Similarly, I believe, that a CEO who’s executive team caused their company’s reputation to be dragged through the media gutter to the scale of the Senate scandal, and whose defense was that “I didn’t know”, would also be dismissed by their Board.
As a CEO, plausible deniability is not a defence. If you are guilty of not knowing, then you are guilty of not managing, not surrounding yourself with the right people, not creating a culture of honestly and openness, not being in control and not being capable of delivering the outcomes that you were hired to deliver. Whether you knew or not, both are the equivalent of a capital offence when something really bad happens.
Compare this to a recent situation I experienced in the private sector. A senior leader let his personality get in the way of his interactions with another team member. Some of his concerns were justified, but many stemmed from other factors including is leadership style, power and control. The situation escalated over a number of months to the point that the relationship between the two leaders was unworkable. At this point, their boss stepped in. Following individual discussions with both, the three met. The outcome of that meeting would be binary. They were either going to find a way to work together or the company was going to move on without them. Instead of obfuscation, denial or excuses, the more senior of the two leaders admitted his behavior was unacceptable. In fact, he had a pre-meeting with the other leader to apologize. The actual meeting immediately evolved to the positive and a plan was made to repair the damage and move forward.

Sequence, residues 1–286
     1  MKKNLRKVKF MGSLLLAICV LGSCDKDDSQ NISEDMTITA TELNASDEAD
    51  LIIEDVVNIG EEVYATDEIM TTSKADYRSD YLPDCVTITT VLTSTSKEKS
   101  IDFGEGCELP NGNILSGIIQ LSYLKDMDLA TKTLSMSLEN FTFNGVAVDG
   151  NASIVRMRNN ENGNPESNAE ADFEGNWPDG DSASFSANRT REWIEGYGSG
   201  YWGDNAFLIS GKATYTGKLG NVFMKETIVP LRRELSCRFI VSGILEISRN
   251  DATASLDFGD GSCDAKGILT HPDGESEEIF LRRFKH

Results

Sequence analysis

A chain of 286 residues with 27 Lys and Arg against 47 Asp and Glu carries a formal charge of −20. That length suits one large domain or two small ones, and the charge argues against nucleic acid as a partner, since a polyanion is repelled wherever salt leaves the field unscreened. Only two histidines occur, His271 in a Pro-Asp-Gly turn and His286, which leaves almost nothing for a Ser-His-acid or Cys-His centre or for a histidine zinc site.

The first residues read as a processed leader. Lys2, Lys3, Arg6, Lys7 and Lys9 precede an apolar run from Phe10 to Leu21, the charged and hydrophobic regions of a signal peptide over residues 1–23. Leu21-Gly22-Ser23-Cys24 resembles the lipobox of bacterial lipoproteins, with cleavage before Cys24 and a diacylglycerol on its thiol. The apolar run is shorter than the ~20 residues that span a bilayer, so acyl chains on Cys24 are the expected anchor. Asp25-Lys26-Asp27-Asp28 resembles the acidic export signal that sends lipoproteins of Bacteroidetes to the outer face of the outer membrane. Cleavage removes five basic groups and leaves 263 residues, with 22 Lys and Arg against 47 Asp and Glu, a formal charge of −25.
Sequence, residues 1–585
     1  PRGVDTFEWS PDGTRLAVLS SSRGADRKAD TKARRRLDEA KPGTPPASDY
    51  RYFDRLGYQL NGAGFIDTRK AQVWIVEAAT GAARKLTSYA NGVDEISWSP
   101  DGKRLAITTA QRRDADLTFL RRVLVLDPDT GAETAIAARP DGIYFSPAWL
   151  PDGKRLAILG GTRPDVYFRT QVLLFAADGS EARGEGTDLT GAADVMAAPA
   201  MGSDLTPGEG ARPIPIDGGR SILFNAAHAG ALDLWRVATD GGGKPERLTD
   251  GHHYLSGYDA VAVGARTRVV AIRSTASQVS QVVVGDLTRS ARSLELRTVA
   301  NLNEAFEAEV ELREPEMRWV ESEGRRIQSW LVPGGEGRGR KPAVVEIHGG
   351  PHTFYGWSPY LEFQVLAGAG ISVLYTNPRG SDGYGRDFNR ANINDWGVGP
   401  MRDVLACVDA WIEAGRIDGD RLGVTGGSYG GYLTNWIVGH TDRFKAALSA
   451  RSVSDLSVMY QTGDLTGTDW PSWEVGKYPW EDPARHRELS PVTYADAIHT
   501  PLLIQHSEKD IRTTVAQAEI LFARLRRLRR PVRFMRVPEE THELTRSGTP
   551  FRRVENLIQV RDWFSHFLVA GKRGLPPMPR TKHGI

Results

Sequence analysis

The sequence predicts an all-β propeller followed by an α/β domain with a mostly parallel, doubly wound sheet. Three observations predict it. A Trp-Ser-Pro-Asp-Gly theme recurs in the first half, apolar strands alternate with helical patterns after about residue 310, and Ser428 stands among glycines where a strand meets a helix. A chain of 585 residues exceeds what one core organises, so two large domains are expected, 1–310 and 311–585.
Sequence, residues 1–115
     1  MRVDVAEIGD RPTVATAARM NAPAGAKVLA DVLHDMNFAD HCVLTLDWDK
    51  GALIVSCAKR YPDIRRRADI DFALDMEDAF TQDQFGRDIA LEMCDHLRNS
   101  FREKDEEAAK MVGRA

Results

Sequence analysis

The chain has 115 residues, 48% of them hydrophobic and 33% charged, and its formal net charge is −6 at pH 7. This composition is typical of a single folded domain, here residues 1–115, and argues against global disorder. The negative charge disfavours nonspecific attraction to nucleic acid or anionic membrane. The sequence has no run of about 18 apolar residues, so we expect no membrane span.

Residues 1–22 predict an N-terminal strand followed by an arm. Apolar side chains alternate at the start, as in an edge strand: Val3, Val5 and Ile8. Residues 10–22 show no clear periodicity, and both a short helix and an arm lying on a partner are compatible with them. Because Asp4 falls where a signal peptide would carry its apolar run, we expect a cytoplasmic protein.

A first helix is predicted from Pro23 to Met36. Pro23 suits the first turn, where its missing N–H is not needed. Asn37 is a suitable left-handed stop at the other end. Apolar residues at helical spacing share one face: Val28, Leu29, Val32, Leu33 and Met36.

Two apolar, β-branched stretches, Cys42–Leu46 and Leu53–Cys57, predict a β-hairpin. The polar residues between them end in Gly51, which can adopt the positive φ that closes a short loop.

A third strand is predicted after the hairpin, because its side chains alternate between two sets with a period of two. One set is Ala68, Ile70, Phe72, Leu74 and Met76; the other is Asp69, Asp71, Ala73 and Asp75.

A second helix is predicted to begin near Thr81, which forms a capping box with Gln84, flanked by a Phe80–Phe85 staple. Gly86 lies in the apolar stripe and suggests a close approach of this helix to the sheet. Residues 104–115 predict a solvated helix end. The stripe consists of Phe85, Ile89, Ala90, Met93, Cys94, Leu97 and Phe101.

Similarly, I believe that if Mr. Harper had simply swallowed his ego, the Senate scandal would long ago have been relegated to yesterday’s headlines. If he had admitted he screwed up in not being forthright when the allegations first surfaced and that this past actions were motivated by feelings of being ashamed to have appointed Mr. Duffy and embarrassed that one of his appointees had behaved in the manner that Mr. Duffy is alleged to have, he would have been forgiven. He also would been able to protect Mr. Wright and Canada would still have the services of Mr. Wright, who by all accounts is a superior businessman and operator.
There are a number of managerial lessons to be taken from the Senate scandal. Many books have been written on the downfall of leaders due to their ego, hubris and inability to acknowledge their mistakes. Many examples exist where the actions after the fact (think Watergate cover-up) cause greater damage than the act itself. Finally, one managerial rule that I learnt early is to do what you do every day as if it would appear as the headline of tomorrow’s newspaper. The corollary is, if you are about to do something which you would not want to be tomorrow’s headline news, then you probably should not do it.